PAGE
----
As residents and taxpayers of this great county, we have become accustomed to many services that we sometimes take for granted. Have you stopped to think how much you pay for these services?
I write this column not only as a senior citizen and a former educator, but also as a property owner and taxpayer, and I do not see the two in conflict.
This week continues with an analysis of what I consider to be the education bills from the "Top 15" pieces of legislation passed by the 2011 General Assembly. I will cover HB 186 and HB 192, two bills designed to improve our education system.
While we can all now breathe a short sigh of relief with the demise of Osama bin Laden the truth remains that all too frequently mankind generates these types of disturbed individuals.
During the last session, the Georgia General Assembly passed House Bill 47, which would allow Georgia insurance companies to sell individual health insurance policies with coverage equivalent to those sold in other states. This means they could sell health insurance policies with less coverage than is required in Georgia.
The governor continues to take action on bills submitted to him at the end of the 2011 Legislative Session. Many of them I supported and some I did not. The following bills are just a few of those waiting to be signed by Governor Deal:
With all the available technology, many travelers can easily check what's going on at home base. Being technologically dumb, I depend on others to keep in touch. It worked for the past two weeks (almost) that I was at beautiful Cape San Blas beach.
May is a month when most gardeners are busy planting and maintaining plants in the landscape.
During the coming weeks, I will continue to discuss some of the most important legislation passed during the 2011 Session of the General Assembly. This article is about illegal immigration and sex trafficking - two subjects for which Georgia is becoming infamous - and solar energy.
Since the 2011 session ended I continue to have numerous questions about the new rules for HOPE Scholarships and Sunday sales of alcoholic beverages. I wrote about the HOPE Scholarship program in early March, but some points should be clarified about future participation.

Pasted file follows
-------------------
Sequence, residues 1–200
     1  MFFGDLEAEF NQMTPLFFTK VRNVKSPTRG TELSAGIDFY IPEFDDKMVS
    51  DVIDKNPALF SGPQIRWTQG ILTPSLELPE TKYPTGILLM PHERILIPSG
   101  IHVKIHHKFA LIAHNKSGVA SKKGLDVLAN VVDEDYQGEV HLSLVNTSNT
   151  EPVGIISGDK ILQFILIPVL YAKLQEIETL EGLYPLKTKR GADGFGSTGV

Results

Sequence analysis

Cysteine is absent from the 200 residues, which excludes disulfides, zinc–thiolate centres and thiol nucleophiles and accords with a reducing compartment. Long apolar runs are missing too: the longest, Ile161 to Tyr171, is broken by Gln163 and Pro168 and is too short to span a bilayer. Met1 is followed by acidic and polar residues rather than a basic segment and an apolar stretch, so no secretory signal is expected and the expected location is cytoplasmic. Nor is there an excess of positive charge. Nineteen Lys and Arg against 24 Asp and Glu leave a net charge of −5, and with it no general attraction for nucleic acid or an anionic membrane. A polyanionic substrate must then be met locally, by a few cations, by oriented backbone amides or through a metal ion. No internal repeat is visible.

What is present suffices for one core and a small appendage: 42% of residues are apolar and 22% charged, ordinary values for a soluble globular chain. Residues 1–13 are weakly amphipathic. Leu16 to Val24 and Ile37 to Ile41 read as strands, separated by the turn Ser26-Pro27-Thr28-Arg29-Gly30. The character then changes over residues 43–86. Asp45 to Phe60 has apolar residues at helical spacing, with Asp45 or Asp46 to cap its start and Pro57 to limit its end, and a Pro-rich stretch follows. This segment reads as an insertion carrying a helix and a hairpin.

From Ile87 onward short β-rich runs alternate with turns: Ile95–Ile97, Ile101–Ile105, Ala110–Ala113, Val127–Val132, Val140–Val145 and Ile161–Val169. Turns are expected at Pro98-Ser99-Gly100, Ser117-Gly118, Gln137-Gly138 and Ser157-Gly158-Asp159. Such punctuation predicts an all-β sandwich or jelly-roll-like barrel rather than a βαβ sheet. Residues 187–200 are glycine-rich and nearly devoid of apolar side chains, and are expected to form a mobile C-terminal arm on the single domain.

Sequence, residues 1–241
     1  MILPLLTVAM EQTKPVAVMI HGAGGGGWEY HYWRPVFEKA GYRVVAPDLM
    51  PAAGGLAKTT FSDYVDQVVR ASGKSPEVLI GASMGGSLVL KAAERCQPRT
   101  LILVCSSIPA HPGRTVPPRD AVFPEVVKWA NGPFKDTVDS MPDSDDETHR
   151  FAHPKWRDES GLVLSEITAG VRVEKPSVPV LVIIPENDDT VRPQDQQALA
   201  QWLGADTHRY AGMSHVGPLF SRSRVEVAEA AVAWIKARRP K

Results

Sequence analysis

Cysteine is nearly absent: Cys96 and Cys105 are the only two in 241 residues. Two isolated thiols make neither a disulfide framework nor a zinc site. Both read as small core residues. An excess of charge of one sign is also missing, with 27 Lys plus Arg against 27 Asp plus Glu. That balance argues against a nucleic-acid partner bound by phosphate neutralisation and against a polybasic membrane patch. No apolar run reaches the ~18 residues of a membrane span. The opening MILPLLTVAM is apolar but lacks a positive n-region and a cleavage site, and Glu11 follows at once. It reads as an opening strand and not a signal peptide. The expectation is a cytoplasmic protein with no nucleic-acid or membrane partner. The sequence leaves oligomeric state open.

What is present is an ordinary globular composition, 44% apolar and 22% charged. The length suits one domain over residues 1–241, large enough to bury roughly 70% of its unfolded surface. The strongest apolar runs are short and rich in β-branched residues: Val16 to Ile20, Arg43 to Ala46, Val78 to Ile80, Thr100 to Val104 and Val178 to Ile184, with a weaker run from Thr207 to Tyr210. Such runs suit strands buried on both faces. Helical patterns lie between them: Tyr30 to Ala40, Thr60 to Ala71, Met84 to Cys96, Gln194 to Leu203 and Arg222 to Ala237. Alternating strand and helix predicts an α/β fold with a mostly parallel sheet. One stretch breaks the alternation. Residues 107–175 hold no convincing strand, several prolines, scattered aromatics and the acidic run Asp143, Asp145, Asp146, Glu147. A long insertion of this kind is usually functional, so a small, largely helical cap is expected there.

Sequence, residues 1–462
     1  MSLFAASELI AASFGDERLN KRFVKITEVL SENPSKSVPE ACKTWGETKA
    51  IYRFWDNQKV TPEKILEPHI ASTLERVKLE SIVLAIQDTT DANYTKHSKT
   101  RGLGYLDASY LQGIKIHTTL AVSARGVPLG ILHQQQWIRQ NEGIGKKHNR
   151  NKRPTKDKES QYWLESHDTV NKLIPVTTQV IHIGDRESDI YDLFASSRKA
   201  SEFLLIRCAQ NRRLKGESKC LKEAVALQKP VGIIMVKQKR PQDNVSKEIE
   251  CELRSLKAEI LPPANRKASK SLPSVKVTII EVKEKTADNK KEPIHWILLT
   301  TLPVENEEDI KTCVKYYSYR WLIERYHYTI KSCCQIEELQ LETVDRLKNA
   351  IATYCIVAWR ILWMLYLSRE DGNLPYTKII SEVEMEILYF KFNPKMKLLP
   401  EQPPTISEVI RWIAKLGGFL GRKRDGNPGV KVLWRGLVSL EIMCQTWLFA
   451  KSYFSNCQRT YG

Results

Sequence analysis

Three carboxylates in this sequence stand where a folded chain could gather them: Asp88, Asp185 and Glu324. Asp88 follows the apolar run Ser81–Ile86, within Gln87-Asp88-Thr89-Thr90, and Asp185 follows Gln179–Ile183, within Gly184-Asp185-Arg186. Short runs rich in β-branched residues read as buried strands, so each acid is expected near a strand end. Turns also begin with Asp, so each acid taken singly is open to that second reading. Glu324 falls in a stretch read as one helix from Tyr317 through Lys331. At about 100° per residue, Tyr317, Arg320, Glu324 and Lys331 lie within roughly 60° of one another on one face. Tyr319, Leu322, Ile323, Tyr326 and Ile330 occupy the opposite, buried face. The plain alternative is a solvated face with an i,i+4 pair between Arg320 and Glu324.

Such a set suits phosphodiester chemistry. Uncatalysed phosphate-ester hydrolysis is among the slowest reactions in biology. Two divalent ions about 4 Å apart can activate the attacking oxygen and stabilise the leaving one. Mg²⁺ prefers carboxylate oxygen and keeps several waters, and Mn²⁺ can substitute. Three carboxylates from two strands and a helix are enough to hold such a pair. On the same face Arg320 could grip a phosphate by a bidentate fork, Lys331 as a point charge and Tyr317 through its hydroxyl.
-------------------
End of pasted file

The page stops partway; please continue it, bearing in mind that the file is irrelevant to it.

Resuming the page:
If you turn on the evening news or read any regional or national newspaper you will see the debate playing out in our country everyday on what the role of government should be.
The General Assembly completed its 40th and final legislative day April 14.
The 2011 Legislative Session came to an end last Thursday when the House and Senate completed the 40th day.
We are in the midst of what all Christendom celebrates as Holy Week, culminating in Easter Sunday. Those inside and outside the Christian religion are also celebrating Easter with eggs, bunnies, new outfits, sales and family dinners.
Now is not the time to be raising taxes. Unemployment is more than 9 percent in Dawson County, gas prices are taking more out of family budgets, etc.
My fellow Georgians: In order to keep my national certification as a modest and much-beloved columnist, it is required that I submit to you at the first of every year my State of the Column message. (Yay! Clap! Clap! Clap!)
We began the 153rd Legislative Session of the Georgia General Assembly on Jan. 12. Last Monday marked the first day of the 2015-2016 term, all the members of the Georgia House of Representatives were sworn into office. We then promptly got to work on our first order of business: Electing leaders to guide the Georgia House of Representatives through our next two years of public service.
It's that time of year again.
The 2015 legislative session is off to a fast and busy start. The Georgia State Senate swore in all 56 senators last week, including 10 new freshman senators, and announced committee assignments shortly thereafter.
Allen Peake is a man on a mission. The five-term Republican state representative from Macon is the driving force behind proposed legislation to legalize medical marijuana in Georgia.
Dear Cameron Charles Yarbrough:
When I was growing up, my parents instilled in me the importance of a good education. They both graduated from high school, but did not attend college.
I had just returned from the local toxic waste site where I had disposed of my holiday fruit cakes and was busy cramming my Christmas tree down the garbage disposal (don't ask), when I heard a knock at the door. I figured it was the Environmental Protection Agency coming to talk to me about polluting the toxic waste site with fruit cakes.
Christmas has always been my favorite time of the year. It is a time to spend with family and friends and to celebrate the birth of our savior. It is also a time to reflect back over the past year and to begin to plan for the year ahead. This season I have taken time to look back over my first term serving as your State Representative.
About this time of year my family would be part of the decision to either head out to the family ranch in West Texas or not.
As 2014 winds down, all sorts of groups and individuals tend to take a look at where they've been, are, and are heading. I am not tackling that big job; I'm just tying up some of my own dangling ends.
It's Christmas again, which means we were granted another year. Ben Franklin was right: "Time is the stuff life is made of." It behooves us to give thought to its swift passage.
You may recall that I vigorously opposed passage of a constitutional amendment in 2012 creating the State Charter School Commission that would allow an alternative method for authorizing charter schools in Georgia.
This was written in a cave somewhere in Greater Bora Bora. The column was floated across the ocean in an RC Cola bottle to this newspaper.
If you're expecting this column to deal with the recent protests, you will be surprised. Protests are, indeed, being heard, but not always in a positive way. And certainly, the violence is deplorable.
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